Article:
Site Specific Engineered Round Shoring System Used to Meet Jobsite’s Space Restrictions

A contractor had been tasked with installing an effluent distribution box between two existing structures at an Eastern North Carolina wastewater treatment plant. The project would provide a 50% increase in the daily processing volume for the municipality, while also reducing energy costs 20%.

The effluent distribution box and related slab would require a very large excavation and for that excavation to be about 30-ft deep. Unfortunately, due to the excavation’s Job Story 001 (1)size requirements and the limited space between adjacent structures, there wasn’t space to excavate for the conventional four sided excavation system. A few four sided systems could be installed within the space requirements, however, once installed the need for crossing struts and or corner bracing wouldn’t provide the contractor with the necessary free span clearance to complete the project.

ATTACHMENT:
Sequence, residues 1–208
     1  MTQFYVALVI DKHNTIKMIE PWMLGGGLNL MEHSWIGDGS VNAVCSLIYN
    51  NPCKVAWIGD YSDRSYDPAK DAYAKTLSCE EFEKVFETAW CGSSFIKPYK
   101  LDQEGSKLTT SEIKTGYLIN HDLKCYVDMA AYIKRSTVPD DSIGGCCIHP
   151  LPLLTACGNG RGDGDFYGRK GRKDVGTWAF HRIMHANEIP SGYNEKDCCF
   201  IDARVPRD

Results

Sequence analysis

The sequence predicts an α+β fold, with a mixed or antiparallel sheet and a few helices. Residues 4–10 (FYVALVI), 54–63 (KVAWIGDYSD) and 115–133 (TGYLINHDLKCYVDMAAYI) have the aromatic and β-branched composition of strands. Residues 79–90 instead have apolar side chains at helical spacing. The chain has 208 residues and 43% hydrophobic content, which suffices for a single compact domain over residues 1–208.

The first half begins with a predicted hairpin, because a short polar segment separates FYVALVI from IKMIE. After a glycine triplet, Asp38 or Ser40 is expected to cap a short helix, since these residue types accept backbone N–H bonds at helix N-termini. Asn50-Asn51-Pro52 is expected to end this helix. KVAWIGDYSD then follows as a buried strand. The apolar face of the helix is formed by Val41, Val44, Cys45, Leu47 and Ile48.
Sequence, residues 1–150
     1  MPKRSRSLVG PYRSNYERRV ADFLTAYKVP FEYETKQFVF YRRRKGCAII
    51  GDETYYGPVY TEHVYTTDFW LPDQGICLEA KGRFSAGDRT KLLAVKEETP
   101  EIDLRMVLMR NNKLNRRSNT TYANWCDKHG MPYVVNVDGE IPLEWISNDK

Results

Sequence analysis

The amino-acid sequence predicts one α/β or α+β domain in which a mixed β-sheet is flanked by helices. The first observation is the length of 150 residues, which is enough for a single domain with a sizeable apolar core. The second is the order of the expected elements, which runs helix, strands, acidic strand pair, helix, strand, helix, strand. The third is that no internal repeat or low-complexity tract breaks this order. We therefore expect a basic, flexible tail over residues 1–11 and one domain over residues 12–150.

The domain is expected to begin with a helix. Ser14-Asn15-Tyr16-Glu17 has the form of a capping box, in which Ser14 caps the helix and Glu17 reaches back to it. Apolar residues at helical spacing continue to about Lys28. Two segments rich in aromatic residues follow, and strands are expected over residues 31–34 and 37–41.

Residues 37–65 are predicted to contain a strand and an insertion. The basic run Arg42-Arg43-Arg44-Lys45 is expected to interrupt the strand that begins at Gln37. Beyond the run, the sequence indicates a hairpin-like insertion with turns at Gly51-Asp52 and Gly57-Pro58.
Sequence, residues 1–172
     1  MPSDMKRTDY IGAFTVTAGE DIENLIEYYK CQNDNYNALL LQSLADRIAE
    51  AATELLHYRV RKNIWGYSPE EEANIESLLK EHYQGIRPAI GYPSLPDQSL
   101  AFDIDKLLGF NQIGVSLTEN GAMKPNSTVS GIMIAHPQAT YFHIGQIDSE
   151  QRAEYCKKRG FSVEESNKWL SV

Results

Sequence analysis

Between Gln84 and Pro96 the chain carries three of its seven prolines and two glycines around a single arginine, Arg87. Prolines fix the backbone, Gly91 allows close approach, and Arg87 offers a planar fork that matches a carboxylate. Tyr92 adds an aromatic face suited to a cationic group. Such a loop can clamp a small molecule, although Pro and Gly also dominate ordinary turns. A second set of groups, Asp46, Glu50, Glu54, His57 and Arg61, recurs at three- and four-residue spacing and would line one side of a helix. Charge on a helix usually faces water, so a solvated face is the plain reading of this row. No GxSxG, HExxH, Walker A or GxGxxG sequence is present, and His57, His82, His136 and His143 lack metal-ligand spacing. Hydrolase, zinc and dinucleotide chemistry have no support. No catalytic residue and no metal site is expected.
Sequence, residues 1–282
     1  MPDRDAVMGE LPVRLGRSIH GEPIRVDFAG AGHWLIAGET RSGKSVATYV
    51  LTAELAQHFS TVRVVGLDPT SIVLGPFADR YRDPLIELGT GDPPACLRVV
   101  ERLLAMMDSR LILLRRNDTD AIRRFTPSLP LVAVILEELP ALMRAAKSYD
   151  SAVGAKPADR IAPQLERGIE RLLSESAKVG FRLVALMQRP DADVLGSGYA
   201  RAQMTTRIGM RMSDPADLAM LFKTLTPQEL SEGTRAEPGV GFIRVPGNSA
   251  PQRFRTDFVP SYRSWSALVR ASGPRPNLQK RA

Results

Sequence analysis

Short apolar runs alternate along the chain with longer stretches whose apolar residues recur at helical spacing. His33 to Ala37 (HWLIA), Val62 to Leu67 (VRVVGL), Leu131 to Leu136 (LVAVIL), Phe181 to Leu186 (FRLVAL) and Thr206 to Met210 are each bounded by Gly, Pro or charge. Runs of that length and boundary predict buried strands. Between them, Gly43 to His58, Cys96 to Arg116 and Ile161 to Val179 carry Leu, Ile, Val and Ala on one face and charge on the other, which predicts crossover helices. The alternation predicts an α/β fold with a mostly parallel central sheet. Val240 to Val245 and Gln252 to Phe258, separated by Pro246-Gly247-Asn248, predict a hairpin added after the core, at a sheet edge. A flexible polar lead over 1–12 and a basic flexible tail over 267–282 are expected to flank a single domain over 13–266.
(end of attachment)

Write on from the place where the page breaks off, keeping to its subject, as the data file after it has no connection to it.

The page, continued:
The contractor reached out to National Trench Safety to discuss this project and to see what solutions might be available. Using a site specific engineered plan, National Trench Safety developed a plan to provide a free span, round excavation. The system was designed using a high strength, interlocking steel sheet along with welded in place wales according to the engineered plan. The inherent strength of the circular design along with steel sheets allowed the design Job Story 001 (2)to provide the contractor with the necessary free span working room to pour the slab and install the effluent distribution box. Additionally, the steel sheeting design would facilitate the need for lines to be run from the effluent distribution box and out of the shoring system’s boundaries. Sections of the sheeting could then be cut to allow the passage of the pipe while not sacrificing the strength of the system, when following the engineered plan.